Cognitive psychology

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In cognitive science, the branch called cognitive psychology deals with human mental processes involved in thinking, feeling and behaving. It includes a variety of thinking processes, among them: perception, attention, memory, knowledge acquisition, categorization, language, problem-solving, reasoning, and judgment.[1] Increasingly cognitive psychology is combined with neuroscience.[2] The journal Cognitive Psychology played an important historical role in this field, and continues to publish technical work on this topic.[3]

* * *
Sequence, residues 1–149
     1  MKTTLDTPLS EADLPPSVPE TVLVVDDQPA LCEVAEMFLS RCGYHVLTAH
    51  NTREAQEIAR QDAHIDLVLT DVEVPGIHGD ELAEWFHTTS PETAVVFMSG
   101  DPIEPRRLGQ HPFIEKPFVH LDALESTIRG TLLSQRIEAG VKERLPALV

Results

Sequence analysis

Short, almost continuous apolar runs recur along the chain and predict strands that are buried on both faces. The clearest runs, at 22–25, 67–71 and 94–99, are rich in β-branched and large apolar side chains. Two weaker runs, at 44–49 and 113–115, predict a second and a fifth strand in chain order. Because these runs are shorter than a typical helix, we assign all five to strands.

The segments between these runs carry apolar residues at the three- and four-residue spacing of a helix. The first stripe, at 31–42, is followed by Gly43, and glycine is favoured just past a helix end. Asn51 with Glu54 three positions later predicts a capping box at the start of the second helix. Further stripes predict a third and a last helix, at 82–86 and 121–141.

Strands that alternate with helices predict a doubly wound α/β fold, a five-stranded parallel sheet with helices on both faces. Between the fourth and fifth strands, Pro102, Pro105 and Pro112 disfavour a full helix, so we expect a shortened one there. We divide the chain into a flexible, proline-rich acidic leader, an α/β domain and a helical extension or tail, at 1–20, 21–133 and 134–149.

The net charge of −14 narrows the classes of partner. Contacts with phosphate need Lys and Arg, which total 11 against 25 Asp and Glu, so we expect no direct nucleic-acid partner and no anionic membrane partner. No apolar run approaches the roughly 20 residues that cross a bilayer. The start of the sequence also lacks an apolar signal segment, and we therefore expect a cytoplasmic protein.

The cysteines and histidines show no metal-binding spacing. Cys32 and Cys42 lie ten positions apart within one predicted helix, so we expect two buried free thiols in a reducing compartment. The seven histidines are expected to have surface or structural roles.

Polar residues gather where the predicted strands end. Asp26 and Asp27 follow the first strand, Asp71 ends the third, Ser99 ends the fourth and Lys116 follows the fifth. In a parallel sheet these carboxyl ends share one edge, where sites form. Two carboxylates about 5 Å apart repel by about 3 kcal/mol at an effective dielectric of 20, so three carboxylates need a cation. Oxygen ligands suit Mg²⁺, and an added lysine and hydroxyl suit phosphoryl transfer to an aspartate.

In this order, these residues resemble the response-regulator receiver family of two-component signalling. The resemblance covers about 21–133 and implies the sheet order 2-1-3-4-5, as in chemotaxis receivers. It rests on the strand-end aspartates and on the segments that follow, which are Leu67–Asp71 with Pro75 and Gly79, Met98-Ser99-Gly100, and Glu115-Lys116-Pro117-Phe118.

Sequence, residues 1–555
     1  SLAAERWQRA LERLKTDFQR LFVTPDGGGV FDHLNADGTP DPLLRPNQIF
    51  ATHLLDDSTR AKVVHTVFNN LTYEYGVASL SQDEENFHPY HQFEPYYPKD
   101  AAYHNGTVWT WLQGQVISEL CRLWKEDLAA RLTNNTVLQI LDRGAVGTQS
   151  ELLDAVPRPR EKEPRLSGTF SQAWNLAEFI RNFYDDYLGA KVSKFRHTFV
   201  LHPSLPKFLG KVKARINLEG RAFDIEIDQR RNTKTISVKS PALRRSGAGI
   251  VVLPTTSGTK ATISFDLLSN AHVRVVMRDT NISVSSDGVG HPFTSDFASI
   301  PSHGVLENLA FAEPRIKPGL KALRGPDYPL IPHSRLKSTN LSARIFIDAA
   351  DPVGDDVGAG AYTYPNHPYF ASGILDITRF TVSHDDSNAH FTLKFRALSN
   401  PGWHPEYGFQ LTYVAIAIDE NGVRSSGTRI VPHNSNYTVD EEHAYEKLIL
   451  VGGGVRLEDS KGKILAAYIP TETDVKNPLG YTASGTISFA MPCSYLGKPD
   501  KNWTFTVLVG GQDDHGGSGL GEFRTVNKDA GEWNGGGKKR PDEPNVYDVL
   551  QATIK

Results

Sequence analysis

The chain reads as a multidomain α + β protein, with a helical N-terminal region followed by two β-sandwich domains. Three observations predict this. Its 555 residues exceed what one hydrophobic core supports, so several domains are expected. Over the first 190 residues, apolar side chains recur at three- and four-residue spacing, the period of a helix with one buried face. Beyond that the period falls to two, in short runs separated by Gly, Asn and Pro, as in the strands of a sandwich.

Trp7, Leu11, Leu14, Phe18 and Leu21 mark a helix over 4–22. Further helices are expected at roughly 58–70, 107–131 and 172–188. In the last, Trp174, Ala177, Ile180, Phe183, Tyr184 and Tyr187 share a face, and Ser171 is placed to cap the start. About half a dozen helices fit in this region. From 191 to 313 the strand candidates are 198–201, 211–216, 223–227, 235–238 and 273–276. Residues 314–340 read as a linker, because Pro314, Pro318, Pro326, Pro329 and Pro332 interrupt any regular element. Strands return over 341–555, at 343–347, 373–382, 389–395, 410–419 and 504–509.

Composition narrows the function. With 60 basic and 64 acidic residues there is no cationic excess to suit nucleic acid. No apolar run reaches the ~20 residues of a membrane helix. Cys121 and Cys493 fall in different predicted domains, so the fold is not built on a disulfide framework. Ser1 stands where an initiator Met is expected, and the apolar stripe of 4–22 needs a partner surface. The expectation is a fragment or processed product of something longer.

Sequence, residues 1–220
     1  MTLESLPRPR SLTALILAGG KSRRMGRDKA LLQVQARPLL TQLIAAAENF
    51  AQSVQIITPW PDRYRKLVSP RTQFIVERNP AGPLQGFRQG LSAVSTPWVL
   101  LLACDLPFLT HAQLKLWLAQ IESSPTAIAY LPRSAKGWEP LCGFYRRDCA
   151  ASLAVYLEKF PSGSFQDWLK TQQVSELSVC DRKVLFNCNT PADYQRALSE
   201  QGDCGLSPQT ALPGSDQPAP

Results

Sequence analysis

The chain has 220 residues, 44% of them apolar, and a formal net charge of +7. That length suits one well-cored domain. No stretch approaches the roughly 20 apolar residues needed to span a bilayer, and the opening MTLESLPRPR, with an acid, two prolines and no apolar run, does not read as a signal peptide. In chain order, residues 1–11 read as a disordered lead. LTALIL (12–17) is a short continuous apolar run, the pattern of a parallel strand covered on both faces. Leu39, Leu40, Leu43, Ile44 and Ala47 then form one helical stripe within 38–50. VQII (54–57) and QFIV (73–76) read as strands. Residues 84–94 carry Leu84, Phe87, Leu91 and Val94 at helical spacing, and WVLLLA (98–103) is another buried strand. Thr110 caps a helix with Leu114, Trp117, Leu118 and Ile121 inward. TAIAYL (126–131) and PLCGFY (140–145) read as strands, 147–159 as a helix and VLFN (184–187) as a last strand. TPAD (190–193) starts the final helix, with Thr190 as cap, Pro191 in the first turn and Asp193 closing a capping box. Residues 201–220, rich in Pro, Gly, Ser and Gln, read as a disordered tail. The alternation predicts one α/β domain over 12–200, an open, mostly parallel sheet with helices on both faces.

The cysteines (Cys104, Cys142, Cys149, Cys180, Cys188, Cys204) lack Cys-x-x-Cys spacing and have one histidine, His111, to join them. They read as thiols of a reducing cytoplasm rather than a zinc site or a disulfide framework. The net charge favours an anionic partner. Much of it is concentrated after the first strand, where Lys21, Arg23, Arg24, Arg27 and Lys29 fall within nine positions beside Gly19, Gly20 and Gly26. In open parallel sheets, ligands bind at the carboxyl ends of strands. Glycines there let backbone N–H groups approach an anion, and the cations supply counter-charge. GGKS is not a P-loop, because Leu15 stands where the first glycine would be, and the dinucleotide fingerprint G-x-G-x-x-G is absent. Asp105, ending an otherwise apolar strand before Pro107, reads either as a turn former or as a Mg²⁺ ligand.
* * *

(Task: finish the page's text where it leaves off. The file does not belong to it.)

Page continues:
1. For example, see Ronald T. Kellogg (2011). “Defining cognitive psychology”, Fundamentals of Cognitive Psychology, 2nd ed. Sage, p. 4. ISBN 1412977851. 
  2. John R. Anderson (2009). “The cognitive revolution: AI, information theory, and linguistics”, Cognitive Psychology and its Implications, 7th ed. Macmillan, p. 9. ISBN 1429219483. 
  3. GD Logan, ed. "Cognitive Psychology". Elsevier. According to JR Anderson (cited above), beginning in 1970 this journal did much to define the field, described as follows: “Cognitive Psychology is concerned with advances in the study of memory, language processing, perception, problem solving, and thinking.”